Thursday 6 November 2014

National Executive: General Secretary's Report

At today's NUT National Executive meeting, Christine Blower reported on NUT involvement in the Centre for Labour And Social Studies (CLASS), which held its 2014 conference at the weekend.  Christine was pleased to report that she sat on the steering committee of CLASS for the Union and that the President has spoken at the conference.  She recommended that members who hadn't seen the work and publications of CLASS yet look them up.

In particular, they have produced a number of papers on education:

as well as The Great British Rip-Off, a briefing produced jointly with Unionstogether and the Trade Union Group of MPs which has implications for education policy.

Having read a number of these publications myself, I can vouch for their relevance for those interested in the future of education.  Ball's paper, in particular, poses some challenging but important questions for us as a movement.  It is important we engage with these ideas, and with the wider movement for comprehensive state education, if we want to respond effectively to the Global Education Reform Movement.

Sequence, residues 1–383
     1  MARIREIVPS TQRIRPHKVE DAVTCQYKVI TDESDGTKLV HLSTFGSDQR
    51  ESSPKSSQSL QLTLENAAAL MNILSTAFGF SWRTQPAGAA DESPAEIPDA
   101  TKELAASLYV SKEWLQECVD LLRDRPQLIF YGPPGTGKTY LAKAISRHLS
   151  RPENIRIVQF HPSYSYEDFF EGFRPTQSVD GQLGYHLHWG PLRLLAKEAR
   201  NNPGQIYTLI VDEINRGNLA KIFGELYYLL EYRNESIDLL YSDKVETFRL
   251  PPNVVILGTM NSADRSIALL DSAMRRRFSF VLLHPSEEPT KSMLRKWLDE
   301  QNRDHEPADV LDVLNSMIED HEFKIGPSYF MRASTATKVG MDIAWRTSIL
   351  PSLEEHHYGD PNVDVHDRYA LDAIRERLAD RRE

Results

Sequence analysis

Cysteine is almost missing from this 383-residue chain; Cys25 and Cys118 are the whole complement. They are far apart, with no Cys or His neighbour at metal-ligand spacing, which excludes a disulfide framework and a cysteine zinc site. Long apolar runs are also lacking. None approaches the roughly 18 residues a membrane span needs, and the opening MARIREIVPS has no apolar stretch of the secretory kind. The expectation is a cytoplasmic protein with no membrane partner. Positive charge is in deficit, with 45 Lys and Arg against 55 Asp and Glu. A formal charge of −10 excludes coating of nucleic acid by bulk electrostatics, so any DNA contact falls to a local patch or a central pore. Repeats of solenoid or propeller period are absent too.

Christine went on to report on the recent TUC Executive Committee meeting which had discussed the implications of the various possible election outcomes in 2015.  In particular, there was a feeling that, whatever the outcome but especially if we were stuck with a Tory government for another 5 years, we could no longer afford the luxury of competitive recruitment.  It is essential that the Trade Union movement stops fighting amongst itself for members and reaches out to organise the unorganised and protect working people.  This adds to the existing pressure for Professional Unity and confirms the need to build a new Union fit for the 21st century -  one union for all education workers.

The TUC also discussed the need for Labour to develop policy which working people can support.  The results of the Child Poverty and Social Mobility Commission were discussed and, while there was much that the Union would support within the report, it also included references to the role of EYFS making children school-ready and a commitment to end illiteracy and innumeracy amongst primary school leavers by 2025.  On the latter, the Executive was staggered at the idea that Britain still has illiterate and innumerate primary school leavers and, in any case by the lack of ambition in a target to eliminate this by 2025.  On the former, we were of one mind that schools need to be made child-ready not the other way around and that, until Labour is willing to engage with the Union and with educational experts, it is missing a huge opportunity to present a real alternative to current failed policies in education.

Christine then handed over to the Deputy General Secretary to report on the Stand Up for Education campaign.

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